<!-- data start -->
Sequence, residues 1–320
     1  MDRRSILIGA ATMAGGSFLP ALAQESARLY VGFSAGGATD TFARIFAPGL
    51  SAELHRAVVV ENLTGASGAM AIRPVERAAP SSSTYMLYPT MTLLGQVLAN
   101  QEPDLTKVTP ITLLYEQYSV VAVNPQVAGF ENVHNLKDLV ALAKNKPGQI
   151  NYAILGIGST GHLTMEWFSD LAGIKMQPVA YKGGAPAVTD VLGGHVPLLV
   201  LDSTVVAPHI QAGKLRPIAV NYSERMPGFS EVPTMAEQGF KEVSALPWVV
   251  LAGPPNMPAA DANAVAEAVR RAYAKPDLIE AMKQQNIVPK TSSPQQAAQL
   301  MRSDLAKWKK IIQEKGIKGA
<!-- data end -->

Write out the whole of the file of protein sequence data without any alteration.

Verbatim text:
Sequence, residues 1–320
     1  MDRRSILIGA ATMAGGSFLP ALAQESARLY VGFSAGGATD TFARIFAPGL
    51  SAELHRAVVV ENLTGASGAM AIRPVERAAP SSSTYMLYPT MTLLGQVLAN
   101  QEPDLTKVTP ITLLYEQYSV VAVNPQVAGF ENVHNLKDLV ALAKNKPGQI
   151  NYAILGIGST GHLTMEWFSD LAGIKMQPVA YKGGAPAVTD VLGGHVPLLV
   201  LDSTVVAPHI QAGKLRPIAV NYSERMPGFS EVPTMAEQGF KEVSALPWVV
   251  LAGPPNMPAA DANAVAEAVR RAYAKPDLIE AMKQQNIVPK TSSPQQAAQL
   301  MRSDLAKWKK IIQEKGIKGA